The Philippines is a difficult market to call when it comes to predicting how politics will affect a gaming company’s prospects.
PhilWeb Corp., the online gaming operator led by Dennis Valdes, seems to have cast off the gloom experienced by the sector early in 2009. At that time, several politicians were lobbying for a ban on domestic online gambling in the country. The local media said the initiative was aimed at Internet cafés—a core part of PhilWeb’s business.
That regulatory threat appeared to have receded by the end of the first quarter. In April, the company said it had more than doubled earnings for the first quarter this year, as it opened 10 new e-gaming cafes.
Profits reached P96 million (US$1.96 million) for January to March, 108% higher than the previous year’s P46.2 million, the company said in a filing to the Philippine Stock Exchange.
During a special stockholders’ meeting in August Mr Valdes said he expected annual net income for 2009 to reach P584 million (US$11.94 million). That’s exactly double the P292 million net income booked by the company in 2008.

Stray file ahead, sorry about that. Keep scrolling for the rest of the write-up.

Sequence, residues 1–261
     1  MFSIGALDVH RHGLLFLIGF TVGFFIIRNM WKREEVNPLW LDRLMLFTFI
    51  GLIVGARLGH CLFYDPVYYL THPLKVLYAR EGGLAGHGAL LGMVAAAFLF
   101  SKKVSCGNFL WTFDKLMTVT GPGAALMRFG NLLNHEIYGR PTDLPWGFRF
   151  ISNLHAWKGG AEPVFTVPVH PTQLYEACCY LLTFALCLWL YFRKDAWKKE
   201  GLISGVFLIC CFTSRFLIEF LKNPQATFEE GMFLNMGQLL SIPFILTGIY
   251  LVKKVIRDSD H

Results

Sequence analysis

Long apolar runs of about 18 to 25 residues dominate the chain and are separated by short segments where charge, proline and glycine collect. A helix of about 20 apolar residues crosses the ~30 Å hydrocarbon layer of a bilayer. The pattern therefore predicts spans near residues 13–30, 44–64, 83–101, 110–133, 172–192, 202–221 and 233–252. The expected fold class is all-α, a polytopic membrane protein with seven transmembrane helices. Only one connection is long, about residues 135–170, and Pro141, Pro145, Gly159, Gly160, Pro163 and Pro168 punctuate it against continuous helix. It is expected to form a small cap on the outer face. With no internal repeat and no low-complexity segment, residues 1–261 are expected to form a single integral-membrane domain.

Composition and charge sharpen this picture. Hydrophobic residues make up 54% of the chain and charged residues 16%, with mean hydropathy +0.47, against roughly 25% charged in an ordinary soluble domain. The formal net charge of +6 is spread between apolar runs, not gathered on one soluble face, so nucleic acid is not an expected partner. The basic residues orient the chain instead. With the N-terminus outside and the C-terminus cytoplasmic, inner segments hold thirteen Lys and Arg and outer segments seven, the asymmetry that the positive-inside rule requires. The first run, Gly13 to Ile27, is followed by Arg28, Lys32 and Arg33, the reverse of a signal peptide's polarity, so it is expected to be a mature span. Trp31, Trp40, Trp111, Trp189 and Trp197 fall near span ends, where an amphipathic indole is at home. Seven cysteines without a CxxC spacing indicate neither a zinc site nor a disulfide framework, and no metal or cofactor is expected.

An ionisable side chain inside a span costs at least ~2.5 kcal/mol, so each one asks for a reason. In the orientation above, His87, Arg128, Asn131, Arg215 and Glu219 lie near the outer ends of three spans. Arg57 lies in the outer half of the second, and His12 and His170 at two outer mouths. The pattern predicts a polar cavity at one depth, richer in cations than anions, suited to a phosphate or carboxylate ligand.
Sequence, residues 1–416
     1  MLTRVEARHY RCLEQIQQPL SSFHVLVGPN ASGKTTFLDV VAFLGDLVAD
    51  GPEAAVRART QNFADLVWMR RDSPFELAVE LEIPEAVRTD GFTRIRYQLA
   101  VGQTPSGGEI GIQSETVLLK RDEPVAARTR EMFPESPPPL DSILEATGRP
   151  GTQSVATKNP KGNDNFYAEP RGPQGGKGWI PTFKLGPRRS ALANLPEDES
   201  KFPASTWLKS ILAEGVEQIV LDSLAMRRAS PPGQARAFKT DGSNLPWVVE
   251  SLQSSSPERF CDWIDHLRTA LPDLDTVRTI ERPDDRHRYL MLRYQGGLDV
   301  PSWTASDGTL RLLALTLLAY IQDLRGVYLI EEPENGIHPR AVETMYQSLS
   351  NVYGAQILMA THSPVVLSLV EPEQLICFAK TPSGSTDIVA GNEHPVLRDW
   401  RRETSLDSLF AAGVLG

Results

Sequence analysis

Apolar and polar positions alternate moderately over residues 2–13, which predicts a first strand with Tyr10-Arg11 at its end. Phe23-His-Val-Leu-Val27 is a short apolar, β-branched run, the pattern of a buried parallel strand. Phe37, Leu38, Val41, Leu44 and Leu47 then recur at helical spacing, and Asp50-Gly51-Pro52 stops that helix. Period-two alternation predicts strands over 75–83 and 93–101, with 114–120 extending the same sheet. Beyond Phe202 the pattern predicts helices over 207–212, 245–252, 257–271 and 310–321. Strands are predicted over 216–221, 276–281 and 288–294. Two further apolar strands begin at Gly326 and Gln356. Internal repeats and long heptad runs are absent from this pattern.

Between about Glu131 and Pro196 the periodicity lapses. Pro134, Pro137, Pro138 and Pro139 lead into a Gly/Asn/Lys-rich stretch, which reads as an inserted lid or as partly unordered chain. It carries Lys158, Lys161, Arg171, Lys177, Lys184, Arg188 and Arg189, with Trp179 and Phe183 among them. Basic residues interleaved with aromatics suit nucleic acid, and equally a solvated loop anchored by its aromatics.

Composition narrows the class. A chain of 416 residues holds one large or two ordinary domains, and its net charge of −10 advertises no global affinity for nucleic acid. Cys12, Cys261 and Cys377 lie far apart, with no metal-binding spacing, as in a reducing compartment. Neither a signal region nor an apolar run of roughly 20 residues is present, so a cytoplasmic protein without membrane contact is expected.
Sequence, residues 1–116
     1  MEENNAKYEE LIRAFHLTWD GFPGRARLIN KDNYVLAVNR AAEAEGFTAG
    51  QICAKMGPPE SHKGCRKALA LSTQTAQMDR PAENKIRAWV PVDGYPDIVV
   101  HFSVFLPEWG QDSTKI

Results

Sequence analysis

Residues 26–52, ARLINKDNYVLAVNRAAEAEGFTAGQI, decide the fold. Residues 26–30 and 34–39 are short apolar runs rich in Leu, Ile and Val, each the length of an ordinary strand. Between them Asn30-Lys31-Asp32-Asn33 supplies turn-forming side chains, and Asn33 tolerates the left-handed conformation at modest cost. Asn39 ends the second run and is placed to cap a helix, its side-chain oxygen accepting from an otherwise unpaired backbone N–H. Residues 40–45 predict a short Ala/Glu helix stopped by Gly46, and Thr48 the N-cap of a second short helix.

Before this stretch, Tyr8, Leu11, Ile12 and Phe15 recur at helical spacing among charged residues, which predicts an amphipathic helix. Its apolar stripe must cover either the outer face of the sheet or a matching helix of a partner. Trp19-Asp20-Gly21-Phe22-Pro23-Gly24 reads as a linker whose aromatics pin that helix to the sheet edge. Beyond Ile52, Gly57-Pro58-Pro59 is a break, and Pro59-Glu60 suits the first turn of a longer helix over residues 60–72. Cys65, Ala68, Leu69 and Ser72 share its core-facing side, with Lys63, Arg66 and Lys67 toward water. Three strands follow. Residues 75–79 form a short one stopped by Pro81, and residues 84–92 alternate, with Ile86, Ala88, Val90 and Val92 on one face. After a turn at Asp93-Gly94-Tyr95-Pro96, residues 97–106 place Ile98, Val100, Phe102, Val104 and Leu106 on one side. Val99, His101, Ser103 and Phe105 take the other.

Mr Valdes is said to have excellent contacts within the Philippines Amusement and Gaming Corporation (PAGCOR), the licensing body for land-based and Internet gaming in the Philippines, and with politicians in the country.
Challenges do however remain for PhilWeb’s business. Internet cafés were especially lucrative in the Philippines in the early Noughties when domestic broadband was not widely available. Now an expansion in general Internet café licensing has led to an explosion of competition and heavy downward pressure on hourly rates. These can now be as low as P8 per hour compared to the previous industry average of P40 to P50.